The victim's brother testified that he was twelve years old at the time of the incident and that he was home playing with a friend. He and the victim lived across the street from Mr. Tindall and Ms. Crutchfield. He said that the victim, who was terrified, ran inside and told him the Defendant touched him. The victim's brother walked up the Tindall driveway and saw the Defendant standing behind a tree. He said that the Defendant acted unusual and that he asked the Defendant why he touched the victim. The Defendant grabbed the victim's brother's neck, but he was able to free himself. The victim's brother continued to ask why he touched the victim, and the Defendant denied any wrongdoing. The victim's brother told the Defendant that the victim would not lie. The Defendant ran toward the house. He admitted to throwing a rock at the Defendant, who ran around the house. He picked up the rock when he was walking toward the Tindall home. He said the Defendant seemed like he had been "drinking or something."

On cross-examination, the victim's brother testified that the victim did not tell him initially where the Defendant touched him. On redirect examination, he said the victim later told him that the Defendant grabbed the victim in his bad spot. On recross-examination, he stated that the victim said the Defendant touched him in his bad spot the following day, which was before the victim's brother talked to the detective. He agreed he did not mention the bad spot to the detective.

Ashland City Police Officer Jeremy Ethridge testified that on April 14, 2011, he responded to the scene and first spoke with the victim's mother, who told him that the Defendant touched the victim. The victim told Officer Ethridge that he was riding the tricycle in the driveway at the Tindall home, that the Defendant asked him to sit on his lap, that the victim refused, that the Defendant walked to the victim, that the Defendant rubbed the victim's head, face, and neck, and that the Defendant put his hands in the victim's pants and rubbed the victim's "private area."

Officer Ethridge testified that Ms. Crutchfield told him that she saw the Defendant's hand down the victim's pants and that the Defendant ran away. A police dog found the Defendant, and he was placed in a police car. Officer Ethridge was inside the house when the Defendant began kicking the car windows. He went to assist the other officers, but the Defendant was restrained by the time he got there. He said the Defendant had a strong odor of alcohol, glassy eyes, slurred speech, and difficulty standing. He said the Defendant admitted to drinking "a couple" beers, although he did not know how many that actually meant.

On cross-examination, Officer Ethridge testified that he obtained a statement from Ms. Crutchfield and that he recalled her stating that she saw the Defendant's hands down the victim's pants. He also spoke with Mr. Tindall but did not recall the substance of the statement. On redirect examination, he agreed that the victim's birthday was in August 2004.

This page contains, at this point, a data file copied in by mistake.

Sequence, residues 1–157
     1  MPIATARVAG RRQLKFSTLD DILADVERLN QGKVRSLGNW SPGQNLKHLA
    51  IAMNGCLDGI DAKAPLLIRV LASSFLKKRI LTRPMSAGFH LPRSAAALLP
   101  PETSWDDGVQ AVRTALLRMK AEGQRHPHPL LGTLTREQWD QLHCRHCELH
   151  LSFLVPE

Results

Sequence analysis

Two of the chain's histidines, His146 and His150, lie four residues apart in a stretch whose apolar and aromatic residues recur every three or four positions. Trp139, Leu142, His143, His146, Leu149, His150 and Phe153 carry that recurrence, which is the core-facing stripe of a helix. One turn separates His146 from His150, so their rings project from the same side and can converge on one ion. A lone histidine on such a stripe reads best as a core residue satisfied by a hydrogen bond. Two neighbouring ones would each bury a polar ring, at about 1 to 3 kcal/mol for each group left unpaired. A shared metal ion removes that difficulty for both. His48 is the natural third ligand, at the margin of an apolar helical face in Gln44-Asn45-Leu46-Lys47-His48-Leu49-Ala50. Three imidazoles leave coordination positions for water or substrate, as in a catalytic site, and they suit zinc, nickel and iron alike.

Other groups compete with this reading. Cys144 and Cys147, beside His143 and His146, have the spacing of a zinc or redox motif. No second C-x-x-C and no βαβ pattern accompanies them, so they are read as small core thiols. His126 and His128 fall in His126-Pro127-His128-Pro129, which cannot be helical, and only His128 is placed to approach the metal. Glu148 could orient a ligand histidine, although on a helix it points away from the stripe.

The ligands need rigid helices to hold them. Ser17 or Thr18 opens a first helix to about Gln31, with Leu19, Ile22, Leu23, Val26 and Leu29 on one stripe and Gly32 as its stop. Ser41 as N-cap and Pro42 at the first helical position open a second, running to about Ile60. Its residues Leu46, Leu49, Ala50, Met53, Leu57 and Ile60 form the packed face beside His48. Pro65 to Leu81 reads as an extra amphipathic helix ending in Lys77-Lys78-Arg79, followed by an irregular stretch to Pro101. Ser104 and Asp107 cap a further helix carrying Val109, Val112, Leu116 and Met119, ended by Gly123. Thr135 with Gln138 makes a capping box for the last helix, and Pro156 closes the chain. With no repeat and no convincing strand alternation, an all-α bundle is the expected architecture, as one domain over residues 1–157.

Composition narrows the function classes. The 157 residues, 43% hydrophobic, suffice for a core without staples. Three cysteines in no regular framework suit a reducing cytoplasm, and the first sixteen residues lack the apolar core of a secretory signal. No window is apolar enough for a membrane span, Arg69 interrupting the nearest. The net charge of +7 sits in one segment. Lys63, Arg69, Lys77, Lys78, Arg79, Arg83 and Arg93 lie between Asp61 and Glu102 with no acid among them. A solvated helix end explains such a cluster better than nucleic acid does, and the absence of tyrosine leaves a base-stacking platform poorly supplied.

The Defendant testified that at the time of the incident, he rented a room at the Tindall home but only stayed there on weeknights. On the day of the incident, he arrived home around 5:45 p.m. after obtaining a fifth of whiskey and a few movies to watch. He said he drank at least one-half of the bottle. He said that at some point, he left his bedroom and walked to the bathroom. The door was unlocked, and he walked in on Ms. Crutchfield, who was nearly naked. Ms. Crutchfield screamed, and he closed the door. He walked outside through the kitchen door and relieved himself on a bush, which he said was the household protocol for the men when the downstairs bathroom was occupied.

The Defendant testified that he pleaded guilty to public intoxication because he was intoxicated on the day of the incident. He denied recalling any of the events to which the previous witnesses testified. He said that before he finished urinating on the bush, he heard Mr. Tindall and Ms. Crutchfield yelling for the children to come inside. He said he attempted to enter the house, but Mr. Tindall and Ms. Crutchfield would not allow him inside. He said that he did not understand why they would not allow him to enter and that they told him they were going to call the police. He said he did not know what to do and did not have his cell phone. He said he walked about thirty feet from the house, lay down in the leaves, and "passed out."

The Defendant testified that he awoke to someone shining a flashlight in his face, telling him to get up, and spraying him with pepper spray. He realized he was being arrested when he noticed he was in handcuffs, and he said the police officers dragged him to the police car. He denied kicking the car windows but said he moved the handcuffs.

The Defendant testified that he gave a statement to the police and that he consented to the officers' taking his computer for examination. The police returned his cell phone about one week later. When asked about the trial witnesses' testimony relative to the Defendant's conduct on the day of the incident, he said, "I don't remember that taking place." When asked if it was possible he could have done what was alleged but simply could not remember, he said, "It's a possibility but I wouldn't believe it." He said, though, that was something he did not think he would do. He denied being sexually attracted to juveniles.